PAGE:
Headlining their largest show to date, SoCal folk rock band Dawes brought their literate melodies to Wolf Trap on Thursday. The quartet of Taylor (guitar, vocals) and Griffin (drums) Goldsmith, Wylie Gerber (bass), and Lee Pardini plied their classic Laurel Canyon sound to a highly appreciative, diverse audience.
In front of me in the pavilion, a middle-aged woman, her black hair showing hints of gray, danced and shook, obviously thrilled to be in attendance — and she could have been the spirit of the show. Dawes, who have been active since 2009, attracted many younger fans as well.
Although Dawes released an a new album earlier this year, Passwords, their set did not focus on that to the exclusion of their other popular material. They opened with the lead track from Passwords, “Living in the Future,” and they included two other songs from it, “Feed the Fire” and “Crack the Case.” Dawes played two songs from 2011’s Nothing Is Wrong — “If I Wanted Someone” and my personal favorite, “A Little Bit of Everything.”
Listen to Passwords by Dawes on SoundCloud:
One tune came from 2013’s Stories End, “From a Window Seat.” They threw in two numbers from 2016’s We’re All Gonna Die — “Roll with the Punches” and “Picture of a Man.” From 2015’s All Your Favorite Bands, they played “Things Happen,” and they closed their set with the title track. Dawes even went all the way back to the beginning, to 2009’s North Hills, playing “When My Time Comes,” in the penultimate position.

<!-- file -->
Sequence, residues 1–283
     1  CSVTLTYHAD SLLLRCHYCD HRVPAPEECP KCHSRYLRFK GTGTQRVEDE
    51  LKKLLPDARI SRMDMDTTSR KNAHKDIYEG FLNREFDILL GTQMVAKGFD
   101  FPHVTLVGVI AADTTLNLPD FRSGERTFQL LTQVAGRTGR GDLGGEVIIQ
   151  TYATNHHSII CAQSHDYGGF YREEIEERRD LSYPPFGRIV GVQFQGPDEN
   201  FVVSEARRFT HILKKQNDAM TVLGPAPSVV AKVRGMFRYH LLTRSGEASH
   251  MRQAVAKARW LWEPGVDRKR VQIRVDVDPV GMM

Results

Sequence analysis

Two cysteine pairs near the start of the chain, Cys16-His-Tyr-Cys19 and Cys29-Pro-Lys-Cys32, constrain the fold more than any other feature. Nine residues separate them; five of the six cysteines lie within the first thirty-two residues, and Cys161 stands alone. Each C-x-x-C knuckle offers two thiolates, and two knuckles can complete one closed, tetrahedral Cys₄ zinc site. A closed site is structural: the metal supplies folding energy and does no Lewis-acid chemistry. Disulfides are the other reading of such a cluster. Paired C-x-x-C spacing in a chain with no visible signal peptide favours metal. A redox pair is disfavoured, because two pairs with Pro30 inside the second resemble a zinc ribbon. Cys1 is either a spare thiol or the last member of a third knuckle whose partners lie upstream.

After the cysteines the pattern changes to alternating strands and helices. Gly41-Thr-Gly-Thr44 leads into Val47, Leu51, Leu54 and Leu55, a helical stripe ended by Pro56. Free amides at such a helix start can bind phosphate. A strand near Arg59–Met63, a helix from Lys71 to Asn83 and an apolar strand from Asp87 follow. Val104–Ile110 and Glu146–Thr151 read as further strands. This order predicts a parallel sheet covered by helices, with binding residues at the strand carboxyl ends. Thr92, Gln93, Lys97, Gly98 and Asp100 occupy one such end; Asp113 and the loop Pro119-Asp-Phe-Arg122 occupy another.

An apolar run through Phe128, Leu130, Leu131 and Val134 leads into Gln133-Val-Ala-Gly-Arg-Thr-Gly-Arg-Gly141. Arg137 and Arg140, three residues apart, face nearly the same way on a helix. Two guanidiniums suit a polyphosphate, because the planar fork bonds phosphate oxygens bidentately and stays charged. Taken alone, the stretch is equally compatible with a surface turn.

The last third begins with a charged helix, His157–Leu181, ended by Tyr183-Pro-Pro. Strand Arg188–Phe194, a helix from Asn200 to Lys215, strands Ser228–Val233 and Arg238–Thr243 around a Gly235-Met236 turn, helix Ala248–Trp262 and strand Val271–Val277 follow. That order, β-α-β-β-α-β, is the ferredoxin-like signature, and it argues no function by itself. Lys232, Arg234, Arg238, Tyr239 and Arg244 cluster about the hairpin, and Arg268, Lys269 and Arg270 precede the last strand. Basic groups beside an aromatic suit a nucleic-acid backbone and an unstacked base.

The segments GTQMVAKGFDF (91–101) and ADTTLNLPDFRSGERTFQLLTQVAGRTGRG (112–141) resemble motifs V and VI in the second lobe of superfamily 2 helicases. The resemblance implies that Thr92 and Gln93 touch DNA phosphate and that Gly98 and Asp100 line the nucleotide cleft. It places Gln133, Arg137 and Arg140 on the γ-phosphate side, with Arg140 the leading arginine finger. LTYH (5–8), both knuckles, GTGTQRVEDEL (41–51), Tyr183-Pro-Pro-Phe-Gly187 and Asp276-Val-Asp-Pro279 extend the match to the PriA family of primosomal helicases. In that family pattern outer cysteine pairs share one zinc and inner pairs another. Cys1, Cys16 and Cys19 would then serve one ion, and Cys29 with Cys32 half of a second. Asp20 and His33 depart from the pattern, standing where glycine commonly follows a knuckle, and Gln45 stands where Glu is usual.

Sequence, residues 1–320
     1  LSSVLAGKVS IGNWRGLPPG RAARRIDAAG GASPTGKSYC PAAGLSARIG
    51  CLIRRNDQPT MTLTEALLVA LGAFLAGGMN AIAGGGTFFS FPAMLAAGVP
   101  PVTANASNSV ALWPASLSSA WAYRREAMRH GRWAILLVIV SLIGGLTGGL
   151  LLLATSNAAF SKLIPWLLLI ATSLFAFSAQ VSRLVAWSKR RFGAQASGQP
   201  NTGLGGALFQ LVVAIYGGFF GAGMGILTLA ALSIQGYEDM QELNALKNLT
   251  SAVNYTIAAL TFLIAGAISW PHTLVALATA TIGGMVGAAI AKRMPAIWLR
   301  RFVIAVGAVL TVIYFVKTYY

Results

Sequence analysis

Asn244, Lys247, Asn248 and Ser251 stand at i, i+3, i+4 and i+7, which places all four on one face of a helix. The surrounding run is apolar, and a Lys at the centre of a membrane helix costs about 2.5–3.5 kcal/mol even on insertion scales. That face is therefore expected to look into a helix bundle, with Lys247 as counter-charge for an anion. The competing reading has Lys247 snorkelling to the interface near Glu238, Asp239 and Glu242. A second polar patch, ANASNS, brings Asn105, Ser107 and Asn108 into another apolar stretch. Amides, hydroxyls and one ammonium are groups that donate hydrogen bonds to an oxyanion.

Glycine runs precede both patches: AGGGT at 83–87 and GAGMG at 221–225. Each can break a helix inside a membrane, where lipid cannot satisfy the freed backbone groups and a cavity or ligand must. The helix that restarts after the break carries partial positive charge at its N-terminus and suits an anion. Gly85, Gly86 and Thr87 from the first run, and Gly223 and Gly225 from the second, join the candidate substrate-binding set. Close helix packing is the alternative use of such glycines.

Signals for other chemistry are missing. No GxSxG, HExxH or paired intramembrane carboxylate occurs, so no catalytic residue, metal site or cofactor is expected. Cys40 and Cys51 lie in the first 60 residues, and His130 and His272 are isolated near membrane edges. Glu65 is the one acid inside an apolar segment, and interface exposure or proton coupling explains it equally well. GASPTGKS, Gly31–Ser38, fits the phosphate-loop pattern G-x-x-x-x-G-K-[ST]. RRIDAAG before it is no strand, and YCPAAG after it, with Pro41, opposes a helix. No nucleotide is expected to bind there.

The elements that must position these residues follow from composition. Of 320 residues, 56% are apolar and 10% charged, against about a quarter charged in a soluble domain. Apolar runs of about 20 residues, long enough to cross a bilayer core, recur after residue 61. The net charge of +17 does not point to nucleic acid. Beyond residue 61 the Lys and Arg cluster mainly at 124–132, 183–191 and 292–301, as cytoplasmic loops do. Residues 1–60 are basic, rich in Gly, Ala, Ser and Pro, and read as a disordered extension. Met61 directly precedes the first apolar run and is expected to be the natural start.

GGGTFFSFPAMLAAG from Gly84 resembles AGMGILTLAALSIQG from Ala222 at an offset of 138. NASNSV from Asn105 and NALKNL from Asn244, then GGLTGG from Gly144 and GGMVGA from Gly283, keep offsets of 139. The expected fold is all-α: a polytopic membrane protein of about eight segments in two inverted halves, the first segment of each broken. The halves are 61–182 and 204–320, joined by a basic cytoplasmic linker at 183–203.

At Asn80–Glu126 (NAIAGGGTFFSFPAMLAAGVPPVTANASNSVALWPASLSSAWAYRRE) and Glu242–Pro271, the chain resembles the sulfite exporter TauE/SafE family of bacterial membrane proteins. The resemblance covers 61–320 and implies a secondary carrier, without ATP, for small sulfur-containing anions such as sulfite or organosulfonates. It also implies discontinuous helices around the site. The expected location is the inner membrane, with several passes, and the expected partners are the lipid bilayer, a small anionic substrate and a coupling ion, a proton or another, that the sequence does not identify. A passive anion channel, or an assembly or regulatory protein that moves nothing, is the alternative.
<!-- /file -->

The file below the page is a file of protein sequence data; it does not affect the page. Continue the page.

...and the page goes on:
While Dawes drew on a range of popular material, their set felt a bit a rushed. They didn’t take the stage until about 9:30, which is quite late by the standards of a headliner at Wolf Trap. Thursday’s show included three acts: Dawes; sister trio folk-rock act Joseph (the younger two being twins), named for a small town in Oregon; and roots rock outfit Shovels & Rope, who I saw headline the 9:30 Club last fall.
Unfortunately, the show didn’t start until 7:30. When I previously saw a show at Wolf Trap with a similar three-act structure, it began wisely at 7, which gave the acts time to really breathe, to talk the crowd, and to interact with one another. It’s possible that, because this was the first time Dawes headlined a show of this size, the decision was made to have them perform for less time than another headlining band might be given. If this is the case, I feel it was a mistake. Without cutting into the other acts’ performance time, Dawes could have been given more time by starting the show a half-hour earlier.
I want to be clear that this is not a criticism of any bands that performed, as they were all terrific. (My only criticism of any the bands is that the white suit worn by Michael Trent of Shovels & Rope was just a bit *too* white for me.) My ire here falls on Wolf Trap’s management, as I believe that they could have arranged the logistics of the concert to deliver a more satisfying show. This was a good show, but with a little more time, could’ve been great.